1947 Motorola Model 67-X

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Motorola 67X
A Motorola model 67X six tube AM radio, manufactured on December 11, 1947.

In the middle of Upper Gwynedd Township in Pennsylvania is the borough of North Wales. In North Wales lives a guy named Hank. We'll call him "Hank" because Hank is a nickname for Henry.

Hank gave me this radio in 2017 and it's been sitting in the garage for a year. Hank's brother-in-law gave it to him. It doesn't look too bad. Somebody (not Hank) spray painted it for some reason. The color is not very flattering, but perhaps it went with the decor.

The back is bashed in. Does that matter?  Can we reattach it with some tape and make it work? Let's look at this radio more closely.

Yes, a fine looking radio. From a distance. It's large for a table radio; 13" wide by 8" high by 8" deep.


A closer look reveals this radio has been dropped, or it fell. It had been hastily repaired, then spray painted. The cracks show that it was dropped again after it was spray painted, so it was dropped twice.

I get the impression this radio cabinet was repaired as quickly as possible and then painted "before Dad comes home and sees that we broke the radio." Notice on the right that the paint came off when the screw was removed. That means the chassis was put back into the cabinet before the paint even had a chance to cure.

There is a chunk out of the bottom. The repair was a piece of paper taped to the inside of the cabinet and then the missing part was filled with CAULK. Dad will never notice, he never looks at the bottom.

It keeps getting worse the closer you look at it.

Looking inside, the antenna coil is lying across the contraptions, gadgets and gizmos that make up the radio. It's supposed to be attached to the back. When you see how it is attached on the next page, you will have to wonder what hit the back of this so hard the antenna came off.

The stringy things are spider webs from being in the garage. Notice where the AC cord comes out. It is pinched under the chassis.

The underside of the chassis looked very clean. When the radio was powered on it was silent. An ear to the speaker detected a slight 60 cycle hum. The volume control and tuning knob had no effect.

Look! An exploded resistor! Ha-ha, no wonder it was so quiet. I would have loved to have been there when somebody turned on the radio and it started smoking. There was probably a loud SNAP sound associated with it, or as I like to say, "There was a bright orange flash followed by a loud report."
OK, we'll worry about the exploded resistor later. Here is the cabinet after SEVEN coats of paint remover. What a disaster. The paint will not come off, not even the spray paint. After the third application of paint remover I went out and bought a different brand but it didn't help.

I've run into this situation in my house, which was built in 1880. It's LEAD PAINT. Paint remover is like water to lead paint. What is up with the left side? Maybe it's lead based spray paint from the '50s, but it came off the right side. This is the strangest thing I've ever seen.

After three hours I considered that I had been defeated. I had basically ruined the paint job on the radio cabinet with all the paint remover, then I glanced down at the knobs. I MELTED the knobs with paint remover.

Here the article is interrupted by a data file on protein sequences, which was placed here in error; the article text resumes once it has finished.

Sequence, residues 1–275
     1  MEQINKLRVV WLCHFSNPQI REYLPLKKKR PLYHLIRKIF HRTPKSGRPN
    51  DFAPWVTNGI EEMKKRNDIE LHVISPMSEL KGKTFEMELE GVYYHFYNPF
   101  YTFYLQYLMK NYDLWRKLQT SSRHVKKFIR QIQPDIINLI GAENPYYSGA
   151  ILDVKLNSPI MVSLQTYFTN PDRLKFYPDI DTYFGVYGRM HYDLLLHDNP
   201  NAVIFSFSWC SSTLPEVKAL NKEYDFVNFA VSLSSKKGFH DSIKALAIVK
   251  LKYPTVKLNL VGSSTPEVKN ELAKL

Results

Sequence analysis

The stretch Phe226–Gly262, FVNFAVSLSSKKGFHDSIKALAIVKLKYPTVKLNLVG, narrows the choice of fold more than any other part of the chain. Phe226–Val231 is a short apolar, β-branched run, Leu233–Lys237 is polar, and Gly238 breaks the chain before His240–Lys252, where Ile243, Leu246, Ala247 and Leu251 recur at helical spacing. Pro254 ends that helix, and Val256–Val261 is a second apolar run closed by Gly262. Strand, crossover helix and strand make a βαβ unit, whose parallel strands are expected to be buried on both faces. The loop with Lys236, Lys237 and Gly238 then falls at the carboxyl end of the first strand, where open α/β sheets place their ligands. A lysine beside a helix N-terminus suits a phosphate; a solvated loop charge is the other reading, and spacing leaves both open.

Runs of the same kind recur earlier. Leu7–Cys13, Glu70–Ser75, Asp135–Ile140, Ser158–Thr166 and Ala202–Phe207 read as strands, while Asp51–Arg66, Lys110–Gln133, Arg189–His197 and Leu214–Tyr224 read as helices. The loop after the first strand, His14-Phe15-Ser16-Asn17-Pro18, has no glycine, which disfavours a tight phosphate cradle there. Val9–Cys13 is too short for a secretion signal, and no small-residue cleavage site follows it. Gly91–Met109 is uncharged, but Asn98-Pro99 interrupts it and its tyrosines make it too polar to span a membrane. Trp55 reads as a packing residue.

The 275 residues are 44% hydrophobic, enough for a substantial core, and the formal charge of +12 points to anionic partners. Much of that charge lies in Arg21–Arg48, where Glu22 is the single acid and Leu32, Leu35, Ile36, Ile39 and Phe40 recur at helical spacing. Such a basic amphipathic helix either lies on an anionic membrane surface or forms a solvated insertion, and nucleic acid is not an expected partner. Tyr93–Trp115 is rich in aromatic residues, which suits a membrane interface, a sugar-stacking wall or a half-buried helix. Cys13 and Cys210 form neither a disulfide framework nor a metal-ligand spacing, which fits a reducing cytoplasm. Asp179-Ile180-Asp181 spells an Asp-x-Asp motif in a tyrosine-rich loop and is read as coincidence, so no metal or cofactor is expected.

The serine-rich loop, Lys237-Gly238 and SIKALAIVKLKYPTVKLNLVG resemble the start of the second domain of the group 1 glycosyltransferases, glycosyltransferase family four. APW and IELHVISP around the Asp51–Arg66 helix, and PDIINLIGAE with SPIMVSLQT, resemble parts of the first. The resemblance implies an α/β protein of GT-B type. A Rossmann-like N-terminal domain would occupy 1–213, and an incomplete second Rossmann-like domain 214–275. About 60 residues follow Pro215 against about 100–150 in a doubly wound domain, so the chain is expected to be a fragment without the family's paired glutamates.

Why didn't I just think to repaint them? I melted a set of 71 year old radio knobs!!

It sure would be easy to remove the vacuum tubes and chuck the rest of the carcass into the trash. But what if Hank found out? What would Hank think of me if he knew he gave me a radio and I destroyed it? My lower lip began to quiver and my eyes filled with tears. Quietly sobbing, I picked up a piece of sand paper.
After a few hours of sanding it started looking better. It looked a LOT better.


The following day, the caulk was removed from the hole in the case, then a piece of nylon screen was epoxied in place. After that, a form was made so the missing piece could be recreated with J-B Kwik Weld. At this time the cracked front corners were also reinforced on the inside with nylon screen and Kwik Weld.

The hole was filled half way, a second piece of screen was dropped in and then topped off with more epoxy.
After the Kwik-Weld cured it was sanded with a palm sander. Some glazing putty brought up the low spots.

It's a beautiful hot summer day at the end of August. I'm listening to the radio, drinking beer and fixing a tube radio cabinet. Life is good! I lost track of how many beers I had. The radio cabinet started looking at me.

More sanding. More beer. Sanding. Beer. Sanding. Beer. Very relaxing work. Birds are chirping, cicadas are droning, all is well.
Wait... Andrea's calling me. "CAN'T YOU SEE I'M BUSY??! GET ME ANOTHER BEER!!" Sanding. Beer. Sanding. Beer.

Two coats of primer and more sanding. It was wet sanded under a dripping garden hose.
I can't un-see this.


The cabinet was painted with Dupli-Color car paint, which turned out to be expensive. The price of this paint has gone up and the cans are 2/3 of the size they were last year. On the plus side, it dries really fast!

After the paint dried I noticed there were some rough spots when I ran my hand across the cabinet. I had to wet sand it with 1000 grit sand paper and then polish it, so "never again" with this paint.
A gloomy Sunday morning (09/02/2018). We're supposed to be out on a farm launching model rockets but a thunderstorm went through and drenched the field. The launch was cancelled, so instead of launching rockets, I polished the cabinet. It looks better in real life than it does in the picture.

Here's how that repair turned out in the end.
And this one.

I just found out that I could have saved myself all that sanding by coating the radio case with brake fluid or oven cleaner, putting it in a plastic bag and letting it sit overnight. Oh well. The beer was good.